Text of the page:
The velocitoon split from its ancestor. Through convergent evolution, it closely resembles its distant ancestor, the velishroot. Much like the velishroot, it is very fast. Though it still feasts upon the eggs of saucebacks (now identified more by scent than sound), it will eat other eggs as well as egg-eating competitors such as the eggslurping sorite. It has also adopted a taste for fruit, allowing it to avoid too much direct competition with either its direct ancestor or with the neoshrew. It is also able to utilize its very good hearing to locate and gobble up adult teacup saucebacks like they're popcorn, keeping the populations of the rapidly-reproducing tiny saucebacks in check. The velocitoon is also able to break open the shells of eggs, crystal fruit, and rarely even fraboos by holding them in its mouth and chucking them sideways into rocks. It has four toes on each foot.
The velocitoon's coloration allows it to blend in with soil. Vivus populations are often melanistic to match darker soils. Male velocitoons have unusual blue fur on the insides of their ears, which are attractive because they serve as a health indicator and can be used to signal status to other males. Normally, fur cannot be blue because it is a monofilament, but the velocitoon has found a workaround using the arrangement of the hairs themselves. This only works because the hairs are very short, so they remain in the right position to maintain structural color rather than flopping around too much like the longer fur on the rest of the body.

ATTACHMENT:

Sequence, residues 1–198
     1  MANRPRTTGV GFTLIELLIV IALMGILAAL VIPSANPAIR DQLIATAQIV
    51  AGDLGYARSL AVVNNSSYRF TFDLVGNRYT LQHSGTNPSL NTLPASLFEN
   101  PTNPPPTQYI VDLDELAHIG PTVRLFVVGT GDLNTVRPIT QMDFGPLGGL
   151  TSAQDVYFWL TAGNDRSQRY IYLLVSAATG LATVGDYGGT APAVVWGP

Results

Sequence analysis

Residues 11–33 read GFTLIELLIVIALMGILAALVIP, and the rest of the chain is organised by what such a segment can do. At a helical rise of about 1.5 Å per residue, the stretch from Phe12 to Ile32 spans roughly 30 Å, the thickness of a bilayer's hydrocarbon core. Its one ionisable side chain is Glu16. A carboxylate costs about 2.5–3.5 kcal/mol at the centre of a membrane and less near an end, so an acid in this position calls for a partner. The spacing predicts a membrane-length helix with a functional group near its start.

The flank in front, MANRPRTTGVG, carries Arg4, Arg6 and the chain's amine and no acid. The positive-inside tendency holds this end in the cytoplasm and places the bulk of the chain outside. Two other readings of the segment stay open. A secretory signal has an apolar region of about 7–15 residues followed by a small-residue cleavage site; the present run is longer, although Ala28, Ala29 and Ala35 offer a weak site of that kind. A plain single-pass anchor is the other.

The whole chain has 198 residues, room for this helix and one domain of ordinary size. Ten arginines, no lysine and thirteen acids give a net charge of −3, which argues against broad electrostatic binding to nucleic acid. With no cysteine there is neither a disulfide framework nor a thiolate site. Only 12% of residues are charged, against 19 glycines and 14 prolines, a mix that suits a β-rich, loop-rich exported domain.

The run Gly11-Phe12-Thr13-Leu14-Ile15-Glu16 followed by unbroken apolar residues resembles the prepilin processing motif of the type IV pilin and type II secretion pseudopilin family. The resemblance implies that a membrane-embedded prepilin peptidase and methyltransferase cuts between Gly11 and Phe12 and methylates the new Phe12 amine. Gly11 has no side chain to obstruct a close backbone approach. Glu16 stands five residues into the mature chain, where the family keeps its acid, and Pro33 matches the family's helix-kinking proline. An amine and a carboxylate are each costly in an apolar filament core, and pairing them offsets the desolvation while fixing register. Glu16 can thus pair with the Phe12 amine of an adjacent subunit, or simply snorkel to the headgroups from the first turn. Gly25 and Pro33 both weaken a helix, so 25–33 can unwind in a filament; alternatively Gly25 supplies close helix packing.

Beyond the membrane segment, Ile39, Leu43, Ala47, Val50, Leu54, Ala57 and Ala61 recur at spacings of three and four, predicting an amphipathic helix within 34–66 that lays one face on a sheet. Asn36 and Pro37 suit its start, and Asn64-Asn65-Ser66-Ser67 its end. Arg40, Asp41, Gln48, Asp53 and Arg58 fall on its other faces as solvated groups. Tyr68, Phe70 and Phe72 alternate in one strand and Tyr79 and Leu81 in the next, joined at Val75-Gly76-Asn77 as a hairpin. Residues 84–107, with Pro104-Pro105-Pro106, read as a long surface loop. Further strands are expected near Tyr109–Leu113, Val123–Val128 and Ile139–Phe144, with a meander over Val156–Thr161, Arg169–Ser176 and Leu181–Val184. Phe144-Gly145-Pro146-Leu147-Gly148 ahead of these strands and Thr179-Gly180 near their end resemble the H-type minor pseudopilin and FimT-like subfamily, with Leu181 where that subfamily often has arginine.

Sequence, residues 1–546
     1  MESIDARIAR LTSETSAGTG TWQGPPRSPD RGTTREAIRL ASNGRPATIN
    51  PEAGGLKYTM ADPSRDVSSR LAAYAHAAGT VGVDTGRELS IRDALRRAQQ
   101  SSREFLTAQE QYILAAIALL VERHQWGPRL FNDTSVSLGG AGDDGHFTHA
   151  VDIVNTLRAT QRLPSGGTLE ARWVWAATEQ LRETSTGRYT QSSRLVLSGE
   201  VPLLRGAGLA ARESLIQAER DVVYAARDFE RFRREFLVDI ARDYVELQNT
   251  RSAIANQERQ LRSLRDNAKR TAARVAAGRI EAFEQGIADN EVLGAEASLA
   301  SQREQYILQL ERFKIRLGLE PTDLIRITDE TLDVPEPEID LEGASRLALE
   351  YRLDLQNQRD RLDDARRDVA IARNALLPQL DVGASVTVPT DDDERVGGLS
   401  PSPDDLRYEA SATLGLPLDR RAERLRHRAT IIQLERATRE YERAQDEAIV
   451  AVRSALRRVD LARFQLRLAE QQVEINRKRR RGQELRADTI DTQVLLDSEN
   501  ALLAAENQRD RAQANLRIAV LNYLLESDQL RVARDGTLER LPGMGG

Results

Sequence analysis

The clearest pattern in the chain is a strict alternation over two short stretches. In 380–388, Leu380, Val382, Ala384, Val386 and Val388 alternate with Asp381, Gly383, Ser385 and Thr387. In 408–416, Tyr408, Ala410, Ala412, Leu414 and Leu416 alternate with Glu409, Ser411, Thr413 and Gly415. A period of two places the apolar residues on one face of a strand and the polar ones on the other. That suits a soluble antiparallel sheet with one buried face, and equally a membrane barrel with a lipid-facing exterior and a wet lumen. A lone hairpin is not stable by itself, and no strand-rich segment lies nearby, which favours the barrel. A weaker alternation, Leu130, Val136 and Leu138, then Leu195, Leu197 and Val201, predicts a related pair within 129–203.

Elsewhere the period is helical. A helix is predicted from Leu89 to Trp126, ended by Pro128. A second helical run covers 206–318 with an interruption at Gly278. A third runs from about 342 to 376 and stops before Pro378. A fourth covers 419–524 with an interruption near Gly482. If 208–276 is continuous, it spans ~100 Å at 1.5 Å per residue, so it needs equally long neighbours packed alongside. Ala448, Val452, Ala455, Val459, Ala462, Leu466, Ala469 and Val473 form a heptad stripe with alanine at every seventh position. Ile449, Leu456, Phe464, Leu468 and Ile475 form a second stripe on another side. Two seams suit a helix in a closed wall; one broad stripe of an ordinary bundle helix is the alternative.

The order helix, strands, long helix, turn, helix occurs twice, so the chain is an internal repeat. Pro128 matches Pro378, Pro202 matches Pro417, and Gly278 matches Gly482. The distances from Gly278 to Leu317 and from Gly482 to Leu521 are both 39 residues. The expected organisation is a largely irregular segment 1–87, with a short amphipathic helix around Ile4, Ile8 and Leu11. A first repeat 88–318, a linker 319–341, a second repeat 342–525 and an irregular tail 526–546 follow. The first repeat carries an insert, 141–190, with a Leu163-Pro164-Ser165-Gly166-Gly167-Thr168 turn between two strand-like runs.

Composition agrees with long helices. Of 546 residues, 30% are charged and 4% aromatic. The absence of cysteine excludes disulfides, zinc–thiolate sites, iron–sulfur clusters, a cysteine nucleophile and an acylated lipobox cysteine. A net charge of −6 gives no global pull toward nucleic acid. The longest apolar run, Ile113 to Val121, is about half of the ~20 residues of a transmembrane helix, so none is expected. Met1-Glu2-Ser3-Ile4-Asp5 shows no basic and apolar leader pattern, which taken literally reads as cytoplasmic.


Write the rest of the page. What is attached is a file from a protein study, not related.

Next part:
Unlike its ancestor, the velocitoon lives in small groups. It still lives in burrows, often much deeper than those of its ancestor, and when it steals burrows it excavates them further for its own use. It travels far from its burrow to find food, but when confronted by a predator it can almost always sprint straight home. Each social group contains a single dominant male, some number of subordinate males, and several females. The dominant male is generally the strongest and most attractive and gets first choice of females to mate with. Mating occurs every year in late winter. Velocitoon offspring are born as helpless fetal larvae, much like those of terran marsupials, and live exclusively in their mother's pouch suckling milk early in life. They develop enough to leave their mother's pouch in early spring, but in colder parts of their range they nonetheless remain in the burrow or rest in their mother's pouch to avoid being killed by predators or unexpectedly by late-arriving frost. Upon reaching adulthood, about 1 year after birth, most of them disperse to join other social groups.
The velocitoon indirectly caused the local extinction of the shikaaree. This is because the pressure caused by the consumption of their eggs caused shikaarees to experience a considerable dip in their population. The shikaaree was not eaten to extinction, but rather was unable to eat enough to maintain itself after the population dip because, without group tactics, large prey were able to successfully defend themselves against it more and more often until the local populations either starved to death or collapsed from inbreeding depression.